Who doesn't LOVE a baby bunny? Our garage is a typical TN-add-on-to-your-house garage that doesn't really touch the ground. Meaning our garage can some times resemble a zoo exhibit. Lately, we have had a little bunny that has taken up residence in the evenings. It is about the cutest thing ever. I promise we tried to get it and free it from our garage, but it was a little too sneaky for us. I'm sure it'll find it's way out just as it found it's way in.
Speaking of misplaced creatures, moving has totally lost all reality for me, but it's okay, it'll be real when it needs to be real.
I've had two people ask me something about Christmas in the last week, and my first thought was, "I hope I am not homeless or unemployed by December." Yup, that was it. And then I had to ask again what the original question was.
People used to ask me the hardest thing about being a missionary. Missing home? Using your second language? Not drinking from the tap? Being able to go anywhere by yourself as a woman?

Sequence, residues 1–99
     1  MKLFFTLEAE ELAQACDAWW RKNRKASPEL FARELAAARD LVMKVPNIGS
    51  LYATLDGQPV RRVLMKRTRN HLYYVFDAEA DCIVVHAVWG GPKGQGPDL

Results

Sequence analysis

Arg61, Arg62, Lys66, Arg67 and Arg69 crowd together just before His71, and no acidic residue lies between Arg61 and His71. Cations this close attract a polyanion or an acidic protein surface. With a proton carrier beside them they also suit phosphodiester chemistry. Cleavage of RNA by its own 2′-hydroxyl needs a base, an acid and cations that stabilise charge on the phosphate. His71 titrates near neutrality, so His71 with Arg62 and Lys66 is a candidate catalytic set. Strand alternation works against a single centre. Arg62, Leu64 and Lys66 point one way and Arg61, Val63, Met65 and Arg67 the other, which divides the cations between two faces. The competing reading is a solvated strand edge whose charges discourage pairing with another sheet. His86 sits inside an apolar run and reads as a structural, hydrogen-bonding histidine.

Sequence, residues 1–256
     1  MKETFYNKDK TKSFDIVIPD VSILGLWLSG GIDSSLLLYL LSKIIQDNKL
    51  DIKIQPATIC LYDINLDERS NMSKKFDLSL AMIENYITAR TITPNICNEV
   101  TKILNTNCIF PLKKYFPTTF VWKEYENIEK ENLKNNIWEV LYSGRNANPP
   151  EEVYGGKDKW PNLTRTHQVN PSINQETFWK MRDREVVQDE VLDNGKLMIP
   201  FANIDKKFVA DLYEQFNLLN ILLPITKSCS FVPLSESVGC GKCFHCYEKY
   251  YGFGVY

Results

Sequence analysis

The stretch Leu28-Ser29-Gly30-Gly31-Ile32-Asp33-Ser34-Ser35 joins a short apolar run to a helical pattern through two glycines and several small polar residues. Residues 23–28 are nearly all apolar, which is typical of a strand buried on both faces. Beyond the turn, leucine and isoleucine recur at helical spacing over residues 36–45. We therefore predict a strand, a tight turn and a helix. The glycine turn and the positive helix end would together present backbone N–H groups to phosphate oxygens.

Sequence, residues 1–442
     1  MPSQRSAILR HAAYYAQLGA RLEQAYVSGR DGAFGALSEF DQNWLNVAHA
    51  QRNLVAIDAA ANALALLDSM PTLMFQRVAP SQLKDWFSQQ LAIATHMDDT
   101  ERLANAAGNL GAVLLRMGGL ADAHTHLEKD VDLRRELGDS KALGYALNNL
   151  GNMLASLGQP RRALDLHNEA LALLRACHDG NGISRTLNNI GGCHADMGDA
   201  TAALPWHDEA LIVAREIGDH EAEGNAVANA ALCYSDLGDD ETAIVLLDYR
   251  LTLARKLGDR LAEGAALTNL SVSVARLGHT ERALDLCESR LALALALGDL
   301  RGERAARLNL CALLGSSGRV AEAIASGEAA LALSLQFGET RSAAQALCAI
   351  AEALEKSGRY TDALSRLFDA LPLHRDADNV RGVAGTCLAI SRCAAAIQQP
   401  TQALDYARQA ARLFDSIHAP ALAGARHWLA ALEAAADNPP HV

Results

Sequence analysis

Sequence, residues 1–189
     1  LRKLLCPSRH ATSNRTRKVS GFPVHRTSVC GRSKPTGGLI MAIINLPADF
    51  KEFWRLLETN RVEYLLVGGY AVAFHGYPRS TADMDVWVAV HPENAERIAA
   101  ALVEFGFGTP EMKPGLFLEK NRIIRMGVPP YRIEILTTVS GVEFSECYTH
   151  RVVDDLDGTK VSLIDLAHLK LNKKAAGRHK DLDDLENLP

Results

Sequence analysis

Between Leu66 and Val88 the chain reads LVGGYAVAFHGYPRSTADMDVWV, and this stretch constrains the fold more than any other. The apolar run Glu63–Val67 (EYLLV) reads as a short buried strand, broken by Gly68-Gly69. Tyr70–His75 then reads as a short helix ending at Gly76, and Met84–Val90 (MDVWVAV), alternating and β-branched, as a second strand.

Really, in all honesty, the hardest part is coming back. I sort of feel that way about moving, too. I am greatly looking forward to moving, but coming back is always the hardest thing.
And that's why I don't want to be homeless by December. Not because I don't think we'll have a place to live. We have a (for sale) house there, it's not like we are truly going to end up homeless. But I want to feel... at home. At home in a way I have only felt a couple of times since returning from missions, which by definition is a displacement. As contradictory as it seems, being "displaced" in a foreign country makes it easy to feel at home. You expect to feel like a foreigner making a home in a new place. It is such a satisfying life. It's that simple (that conclusion probably made sense to no one besides Lori). On long, beautiful summer runs here in TN, I pine for those mission fields as my iPOD pumps out the lyrics "But I still haven't found what I'm looking for..." because I haven't. Because we can't. Because this isn't and will never be our home. We are incomplete and broken and our only completion is in Christ.
And thank goodness He is our home and our refuge, because being homeless is scary. No matter how much moving to Indiana may, from all outward appearances, seem like moving home, I know better. I know it's going back. I know I will only find glimpses of what I'm looking for.